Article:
US West must share its telephone lines with competitors who offer digital subscriber line (DSL) high-speed Internet access, the Minnesota Public Utilities Commission ruled.
But the PUC ruling on Wednesday left unclear who must pay for increased DSL competition. Under the ruling, US West will be able to charge about 33 percent more for DSL lines offered by competitors.
It would continue to collect $18 a month from each consumer, while collecting an additional $6.05 a month per line from DSL competitors. The competitors could choose to pass the $6.05 charge on to consumers.
The PUC ruling follows a similar ruling last month by the Federal Communications Commission.
It appears likely to speed up DSL competition by several months by setting a more aggressive rollout schedule than the FCC did. Minnesota telecom firms said the ruling puts Minnesota at the forefront of the nation in DSL competition.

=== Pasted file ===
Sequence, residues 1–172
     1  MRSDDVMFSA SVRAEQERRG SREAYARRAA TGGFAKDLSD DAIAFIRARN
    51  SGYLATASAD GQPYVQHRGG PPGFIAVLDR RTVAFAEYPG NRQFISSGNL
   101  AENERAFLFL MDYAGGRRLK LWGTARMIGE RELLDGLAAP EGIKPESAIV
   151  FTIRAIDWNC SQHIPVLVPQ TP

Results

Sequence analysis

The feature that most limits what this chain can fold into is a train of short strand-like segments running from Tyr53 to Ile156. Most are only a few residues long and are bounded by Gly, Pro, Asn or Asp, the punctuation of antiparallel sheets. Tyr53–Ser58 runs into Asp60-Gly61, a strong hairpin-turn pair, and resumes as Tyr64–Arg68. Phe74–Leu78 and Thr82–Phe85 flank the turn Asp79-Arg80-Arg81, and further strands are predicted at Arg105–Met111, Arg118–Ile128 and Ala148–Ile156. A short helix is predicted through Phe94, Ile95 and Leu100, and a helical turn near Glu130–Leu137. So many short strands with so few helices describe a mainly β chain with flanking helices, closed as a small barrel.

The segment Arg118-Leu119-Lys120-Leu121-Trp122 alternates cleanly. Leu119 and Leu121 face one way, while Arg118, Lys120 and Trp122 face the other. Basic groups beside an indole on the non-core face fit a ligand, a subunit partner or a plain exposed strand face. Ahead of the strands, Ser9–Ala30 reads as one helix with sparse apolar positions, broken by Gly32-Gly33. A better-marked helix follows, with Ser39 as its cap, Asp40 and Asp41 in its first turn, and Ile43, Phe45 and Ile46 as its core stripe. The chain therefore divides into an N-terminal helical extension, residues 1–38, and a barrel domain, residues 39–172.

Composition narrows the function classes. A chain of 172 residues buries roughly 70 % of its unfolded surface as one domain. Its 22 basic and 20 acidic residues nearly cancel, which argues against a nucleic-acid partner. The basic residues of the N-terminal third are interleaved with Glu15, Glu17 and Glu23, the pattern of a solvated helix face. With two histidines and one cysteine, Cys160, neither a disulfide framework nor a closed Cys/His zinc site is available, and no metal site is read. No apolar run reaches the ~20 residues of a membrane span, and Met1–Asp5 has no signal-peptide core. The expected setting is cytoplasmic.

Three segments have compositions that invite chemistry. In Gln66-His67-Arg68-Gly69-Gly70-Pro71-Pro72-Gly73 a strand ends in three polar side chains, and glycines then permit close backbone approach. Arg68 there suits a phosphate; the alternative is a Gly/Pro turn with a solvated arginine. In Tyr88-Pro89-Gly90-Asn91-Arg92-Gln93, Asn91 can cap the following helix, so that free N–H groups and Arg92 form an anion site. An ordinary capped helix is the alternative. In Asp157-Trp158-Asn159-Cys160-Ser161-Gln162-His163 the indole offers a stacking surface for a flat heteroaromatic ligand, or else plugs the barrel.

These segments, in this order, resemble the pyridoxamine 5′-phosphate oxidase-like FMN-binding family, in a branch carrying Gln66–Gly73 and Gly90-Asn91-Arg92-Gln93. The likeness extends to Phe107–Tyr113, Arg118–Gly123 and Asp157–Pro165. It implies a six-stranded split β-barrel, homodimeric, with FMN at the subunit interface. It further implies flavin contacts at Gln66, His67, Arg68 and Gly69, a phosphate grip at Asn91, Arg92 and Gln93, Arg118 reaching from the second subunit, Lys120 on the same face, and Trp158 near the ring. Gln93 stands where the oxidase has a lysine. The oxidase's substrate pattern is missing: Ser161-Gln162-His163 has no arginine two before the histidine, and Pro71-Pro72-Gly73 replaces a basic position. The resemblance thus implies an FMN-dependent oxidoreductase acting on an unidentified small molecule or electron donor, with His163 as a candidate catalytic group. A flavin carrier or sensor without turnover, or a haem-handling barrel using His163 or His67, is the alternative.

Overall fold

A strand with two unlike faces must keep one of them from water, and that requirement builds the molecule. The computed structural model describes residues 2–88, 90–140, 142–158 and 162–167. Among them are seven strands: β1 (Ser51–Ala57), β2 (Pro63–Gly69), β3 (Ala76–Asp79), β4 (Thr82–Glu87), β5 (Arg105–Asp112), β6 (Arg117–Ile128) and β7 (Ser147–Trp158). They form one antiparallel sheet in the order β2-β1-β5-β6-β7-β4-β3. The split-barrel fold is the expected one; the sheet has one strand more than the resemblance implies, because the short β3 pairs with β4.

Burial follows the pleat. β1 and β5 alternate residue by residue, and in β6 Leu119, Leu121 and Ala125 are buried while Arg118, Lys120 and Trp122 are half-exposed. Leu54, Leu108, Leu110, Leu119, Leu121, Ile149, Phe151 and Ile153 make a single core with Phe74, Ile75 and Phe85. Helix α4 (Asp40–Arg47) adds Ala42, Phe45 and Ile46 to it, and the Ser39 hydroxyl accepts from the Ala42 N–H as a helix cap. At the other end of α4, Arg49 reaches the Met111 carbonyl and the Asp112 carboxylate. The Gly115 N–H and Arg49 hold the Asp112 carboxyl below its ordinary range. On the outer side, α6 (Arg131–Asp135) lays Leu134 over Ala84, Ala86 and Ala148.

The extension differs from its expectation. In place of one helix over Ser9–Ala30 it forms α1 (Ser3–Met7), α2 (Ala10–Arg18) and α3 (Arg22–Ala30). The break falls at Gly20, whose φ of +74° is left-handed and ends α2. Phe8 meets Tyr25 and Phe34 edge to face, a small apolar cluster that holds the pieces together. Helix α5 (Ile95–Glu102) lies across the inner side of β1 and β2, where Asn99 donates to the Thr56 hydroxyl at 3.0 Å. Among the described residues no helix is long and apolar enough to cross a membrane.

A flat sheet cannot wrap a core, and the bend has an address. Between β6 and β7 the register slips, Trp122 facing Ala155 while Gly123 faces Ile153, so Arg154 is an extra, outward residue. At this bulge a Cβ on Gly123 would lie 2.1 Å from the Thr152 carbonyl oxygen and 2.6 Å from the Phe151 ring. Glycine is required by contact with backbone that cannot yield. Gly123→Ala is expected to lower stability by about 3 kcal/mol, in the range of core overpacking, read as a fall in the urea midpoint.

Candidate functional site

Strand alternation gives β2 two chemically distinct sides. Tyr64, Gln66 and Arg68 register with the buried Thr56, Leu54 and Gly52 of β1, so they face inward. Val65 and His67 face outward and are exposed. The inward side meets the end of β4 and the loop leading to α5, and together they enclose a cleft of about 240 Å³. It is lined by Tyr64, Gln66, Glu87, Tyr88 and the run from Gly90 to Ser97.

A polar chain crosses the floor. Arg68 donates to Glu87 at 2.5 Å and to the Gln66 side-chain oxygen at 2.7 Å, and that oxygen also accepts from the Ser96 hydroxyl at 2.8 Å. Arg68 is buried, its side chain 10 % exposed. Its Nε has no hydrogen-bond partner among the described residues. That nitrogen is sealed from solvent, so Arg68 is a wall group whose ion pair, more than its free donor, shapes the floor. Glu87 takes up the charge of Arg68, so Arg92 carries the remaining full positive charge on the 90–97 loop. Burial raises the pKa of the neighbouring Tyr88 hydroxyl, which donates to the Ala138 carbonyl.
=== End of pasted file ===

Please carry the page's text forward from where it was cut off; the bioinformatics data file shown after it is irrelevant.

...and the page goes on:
DSL service allows a personal computer to access the Internet five or more times faster than a conventional computer modem, and consumers can talk on the phone while surfing the Net.
Rhythms NetConnections of Englewood, Colo., whose complaint to the PUC led to the ruling, said US West should not be allowed to charge DSL competitors $6.05 a month to share a telephone line.
''When you add services to a phone line, the cost of the phone line doesn't change,'' said Jeff Blumenfeld, general counsel for Rhythms NetConnections. ''They haven't turned an $18 telephone line into a $24 line.''
John Kelley, Denver-based president of wholesale markets for US West, also praised the PUC decision. But he said US West deserved the extra $6.05 a month because line-sharing would require the company to add more equipment and technicians.
''We're not charging anything additional to the end-user. We're charging (competitors) for the services needed to get line-sharing set up,'' Kelley said.
The PUC said it will review DSL line-sharing costs in six months before making a final ruling on what US West can charge.
For months, US West has been offering customers simultaneous DSL and voice services on one telephone line. Citing technical concerns, it had refused to let DSL competitors offer their DSL service on US West voice lines.